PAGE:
13 17 25

31 37

41 49

57 65 67 77 81

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Summary
Results in Brief The California Whistleblower Protection Act (Whistleblower Act) empowers the California State Auditor (state auditor) to investigate and report on improper governmental activities by agencies and employees of the State. Under the Whistleblower Act, an improper governmental activity is any action by a state agency or employee related to state government that violates a law, is economically wasteful, or involves gross misconduct, incompetence, or inefficiency.1 This report details the results of nine particularly significant investigations completed by the state auditor or undertaken jointly by the state auditor and other state agencies between April 1, 2011, and June 30, 2012. This report also outlines actions taken by state agencies in response to the investigations of improper governmental activities described here and in previous reports. The following paragraphs briefly summarize the investigations and the state agencies’ actions, which this report’s individual chapters discuss more fully. Franchise Tax Board and Office of the Secretary of State A Franchise Tax Board (board) employee, an Office of the Secretary of State (secretary of state) employee, and a courier service owner engaged in an elaborate scheme that enabled the courier service owner to steal nearly a quarter of a million dollars from the State. The three individuals were convicted of bribery and ordered to pay more than $227,000 in restitution to the secretary of state and the board. The failure of these state agencies to maintain adequate controls contributed to the individuals’ ability to perpetrate the fraud. Employment Development Department A former Employment Development Department accounting technician and two accomplices were convicted of conspiracy to commit mail fraud for executing a scheme to redirect unemployment insurance (unemployment) benefits from the State to ineligible recipients. By falsifying information related to a bankrupt company’s laid-off employees, the accounting technician enabled her two coconspirators to file unemployment claims against those wages. During the duration of their scheme, the two accomplices illicitly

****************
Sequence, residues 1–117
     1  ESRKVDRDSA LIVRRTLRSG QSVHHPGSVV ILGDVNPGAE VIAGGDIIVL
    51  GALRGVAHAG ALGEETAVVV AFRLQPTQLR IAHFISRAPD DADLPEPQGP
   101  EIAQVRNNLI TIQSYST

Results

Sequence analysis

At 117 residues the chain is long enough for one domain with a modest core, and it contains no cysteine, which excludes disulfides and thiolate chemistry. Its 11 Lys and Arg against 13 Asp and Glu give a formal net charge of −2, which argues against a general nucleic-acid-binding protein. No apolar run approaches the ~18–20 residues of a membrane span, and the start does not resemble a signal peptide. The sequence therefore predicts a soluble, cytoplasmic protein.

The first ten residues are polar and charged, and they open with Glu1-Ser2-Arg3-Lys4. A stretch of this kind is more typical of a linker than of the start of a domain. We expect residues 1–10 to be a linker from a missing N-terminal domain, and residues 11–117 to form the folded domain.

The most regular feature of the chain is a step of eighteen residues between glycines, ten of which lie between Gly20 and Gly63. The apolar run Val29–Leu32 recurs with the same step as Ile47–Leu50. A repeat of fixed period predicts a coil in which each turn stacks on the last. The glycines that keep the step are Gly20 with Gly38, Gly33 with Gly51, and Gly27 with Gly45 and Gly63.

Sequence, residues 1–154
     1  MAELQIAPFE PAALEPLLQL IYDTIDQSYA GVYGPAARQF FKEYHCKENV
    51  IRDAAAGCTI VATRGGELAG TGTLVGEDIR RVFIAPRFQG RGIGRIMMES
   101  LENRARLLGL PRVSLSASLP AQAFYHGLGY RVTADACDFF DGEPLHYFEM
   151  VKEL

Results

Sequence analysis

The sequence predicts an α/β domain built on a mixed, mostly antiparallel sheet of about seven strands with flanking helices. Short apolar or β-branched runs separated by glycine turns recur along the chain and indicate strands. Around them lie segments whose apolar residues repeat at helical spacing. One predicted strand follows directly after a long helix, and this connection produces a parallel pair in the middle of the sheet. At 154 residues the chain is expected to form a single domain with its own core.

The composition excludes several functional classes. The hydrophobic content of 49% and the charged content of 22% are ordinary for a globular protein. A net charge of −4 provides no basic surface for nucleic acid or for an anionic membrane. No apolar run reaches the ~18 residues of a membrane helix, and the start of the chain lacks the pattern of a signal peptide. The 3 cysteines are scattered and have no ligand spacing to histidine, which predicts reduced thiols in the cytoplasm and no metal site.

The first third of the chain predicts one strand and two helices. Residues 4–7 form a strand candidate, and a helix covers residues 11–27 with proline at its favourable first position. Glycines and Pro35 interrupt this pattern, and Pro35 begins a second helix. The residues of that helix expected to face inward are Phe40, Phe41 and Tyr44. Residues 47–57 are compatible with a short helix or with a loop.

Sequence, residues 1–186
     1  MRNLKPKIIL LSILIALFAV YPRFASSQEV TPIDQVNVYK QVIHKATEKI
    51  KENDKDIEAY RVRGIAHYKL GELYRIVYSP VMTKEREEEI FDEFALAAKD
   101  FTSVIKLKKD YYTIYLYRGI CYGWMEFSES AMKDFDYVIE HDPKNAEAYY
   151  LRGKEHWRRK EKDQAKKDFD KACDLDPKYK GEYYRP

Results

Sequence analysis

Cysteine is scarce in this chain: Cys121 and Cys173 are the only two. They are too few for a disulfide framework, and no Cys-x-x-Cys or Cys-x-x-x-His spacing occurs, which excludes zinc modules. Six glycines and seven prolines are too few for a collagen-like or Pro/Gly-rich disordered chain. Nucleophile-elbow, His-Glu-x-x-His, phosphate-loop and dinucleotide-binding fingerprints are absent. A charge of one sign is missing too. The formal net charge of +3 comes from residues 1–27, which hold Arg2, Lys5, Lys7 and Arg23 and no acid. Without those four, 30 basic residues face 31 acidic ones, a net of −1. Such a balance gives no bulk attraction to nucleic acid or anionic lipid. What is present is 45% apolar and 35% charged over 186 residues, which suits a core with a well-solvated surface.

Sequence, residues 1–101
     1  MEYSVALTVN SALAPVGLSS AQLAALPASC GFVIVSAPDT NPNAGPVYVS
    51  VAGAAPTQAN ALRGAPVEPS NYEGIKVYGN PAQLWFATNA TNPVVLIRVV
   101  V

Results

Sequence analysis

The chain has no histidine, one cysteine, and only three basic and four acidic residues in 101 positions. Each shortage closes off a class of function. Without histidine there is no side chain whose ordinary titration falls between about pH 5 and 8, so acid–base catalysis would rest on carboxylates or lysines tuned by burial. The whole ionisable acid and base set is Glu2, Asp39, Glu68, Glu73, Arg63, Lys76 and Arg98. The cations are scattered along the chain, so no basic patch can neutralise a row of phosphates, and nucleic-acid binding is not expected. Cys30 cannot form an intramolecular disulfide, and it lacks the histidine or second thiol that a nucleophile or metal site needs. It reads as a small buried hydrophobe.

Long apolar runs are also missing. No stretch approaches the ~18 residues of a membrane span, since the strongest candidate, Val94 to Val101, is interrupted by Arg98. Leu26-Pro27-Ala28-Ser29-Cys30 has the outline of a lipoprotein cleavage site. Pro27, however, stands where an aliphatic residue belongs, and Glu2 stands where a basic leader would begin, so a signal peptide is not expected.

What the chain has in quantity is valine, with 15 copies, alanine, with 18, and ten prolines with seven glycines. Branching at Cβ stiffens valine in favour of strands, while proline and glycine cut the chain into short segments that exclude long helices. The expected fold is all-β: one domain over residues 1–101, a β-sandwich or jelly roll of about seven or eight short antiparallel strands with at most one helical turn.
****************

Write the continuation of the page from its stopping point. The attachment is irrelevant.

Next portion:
1

Investigative Highlights . . . State agencies and employees engaged in improper activities, including the following: » Employees at two state agencies and a courier service owner were convicted of bribery and ordered to pay the agencies more than $227,000 in restitution. » A former accounting technician and two accomplices were convicted of conspiracy to commit mail fraud for a scheme that fraudulently redirected nearly $93,000 of unemployment insurance benefits to the two accomplices. » A state agency overpaid nearly $118,700 to 18 employees for two years because it inappropriately paid them an overtime rate rather than a straight‑time rate for their work. » A supervisor improperly directed the use of state funds to purchase more than $53,800 in goods and services not required by a lease and he also used $5,000 in gift cards but could not demonstrate that the purchases made were used for a state purpose. » The State improperly paid a total of 23 employees $55,000 in travel benefits after a manager allowed them to receive reimbursements for their commutes and for expenses incurred near their homes and headquarters.

For more information about the state auditor’s investigations program, please refer to the Appendix.